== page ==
Individual Multilingualism - A Blessing or a Curse?

I used to think that individual multilingualism was a blessing, at least for me, until I started recently to work on my Russian. Now I feel that it is a double-edged sword and can also be a curse. My original intention of renewing my intensive study of Russian almost after 20 years was to raise the level of my proficiency in this language to the level of proficiency I have in Yiddish and Esperanto, as I have enough occasions to use it here in Israel. But Russian is so difficult that I have already become rather pessimistic about this possibility. Hebrew, English and Japanese are the three languages I have been using longer and more actively than any other language, so I will not forget them, even if I should not use them for a long time. I have been using Yiddish and Esperanto less long and less actively, so I have some lexical lacunae in my knowledge of these languages, but I will not forget them, either.

Keeping five active languages is not so simple, especially if most of them were acquired in a formal setting and not naturally from childhood in the situation of societal multilingualism. And adding another one to this list becomes more difficult, even exponentially. I feel that I have imposed upon myself the "yoke" of remaining enslaved to languages. Keeping in active memory the same terms of daily and academic life in six languages is a huge waste of what few intellectual resources I have. If I could manage to cover all my daily and academic needs in one or even two languages, as certain people in certain countries do, I could make a better use of the time and energy for more productive intellectual activities instead of constantly "ventilating" these six languages so as not to forget them.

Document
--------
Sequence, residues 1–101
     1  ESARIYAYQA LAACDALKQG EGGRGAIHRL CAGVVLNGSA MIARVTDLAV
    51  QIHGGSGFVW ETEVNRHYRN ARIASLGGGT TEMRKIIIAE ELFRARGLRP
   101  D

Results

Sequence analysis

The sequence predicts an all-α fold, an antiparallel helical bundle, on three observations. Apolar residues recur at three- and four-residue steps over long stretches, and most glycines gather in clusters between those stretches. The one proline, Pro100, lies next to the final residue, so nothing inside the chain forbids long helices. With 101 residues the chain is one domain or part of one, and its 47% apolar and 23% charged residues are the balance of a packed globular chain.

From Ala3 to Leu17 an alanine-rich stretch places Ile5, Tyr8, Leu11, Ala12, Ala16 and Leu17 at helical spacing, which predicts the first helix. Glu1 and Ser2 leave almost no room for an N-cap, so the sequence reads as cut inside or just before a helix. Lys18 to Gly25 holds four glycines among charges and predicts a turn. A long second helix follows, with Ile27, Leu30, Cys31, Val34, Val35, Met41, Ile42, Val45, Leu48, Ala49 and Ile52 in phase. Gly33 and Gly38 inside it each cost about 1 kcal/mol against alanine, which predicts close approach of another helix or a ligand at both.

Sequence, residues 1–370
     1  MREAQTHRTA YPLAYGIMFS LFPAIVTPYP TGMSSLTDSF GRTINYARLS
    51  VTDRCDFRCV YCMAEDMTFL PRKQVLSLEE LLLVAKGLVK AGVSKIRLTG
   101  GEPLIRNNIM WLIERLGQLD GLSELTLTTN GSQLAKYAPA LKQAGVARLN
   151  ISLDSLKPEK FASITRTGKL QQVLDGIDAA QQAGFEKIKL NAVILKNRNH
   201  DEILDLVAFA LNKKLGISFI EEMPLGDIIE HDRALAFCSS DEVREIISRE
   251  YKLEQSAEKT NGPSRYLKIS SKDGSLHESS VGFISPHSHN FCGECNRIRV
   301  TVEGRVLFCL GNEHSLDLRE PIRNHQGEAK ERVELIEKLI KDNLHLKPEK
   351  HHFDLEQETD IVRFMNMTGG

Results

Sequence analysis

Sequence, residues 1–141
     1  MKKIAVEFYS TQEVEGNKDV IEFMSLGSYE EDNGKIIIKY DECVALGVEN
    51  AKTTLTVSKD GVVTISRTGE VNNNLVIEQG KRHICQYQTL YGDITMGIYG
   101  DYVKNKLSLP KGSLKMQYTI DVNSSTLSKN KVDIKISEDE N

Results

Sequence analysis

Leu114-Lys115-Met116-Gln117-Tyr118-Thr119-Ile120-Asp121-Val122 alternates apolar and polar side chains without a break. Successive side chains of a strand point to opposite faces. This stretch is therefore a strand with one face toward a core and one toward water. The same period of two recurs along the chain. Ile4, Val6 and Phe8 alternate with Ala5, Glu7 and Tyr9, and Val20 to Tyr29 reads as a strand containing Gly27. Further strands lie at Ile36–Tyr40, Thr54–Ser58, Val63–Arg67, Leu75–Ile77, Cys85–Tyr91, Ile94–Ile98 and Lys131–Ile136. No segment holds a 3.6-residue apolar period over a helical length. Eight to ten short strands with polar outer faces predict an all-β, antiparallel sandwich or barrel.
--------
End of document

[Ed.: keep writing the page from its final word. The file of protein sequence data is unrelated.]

Strangely, I find it easier to memorize abstract difficult words than simple terms for daily life and the physical world, including names of animals and plants. And my memory is still in great confusion about equivalents for the same physical objects in these six languages. I am planning to start compiling an online hexalingual thesaurus for myself in the near future so that my self-imposed enslavement to languages will be more of a blessing than a curse.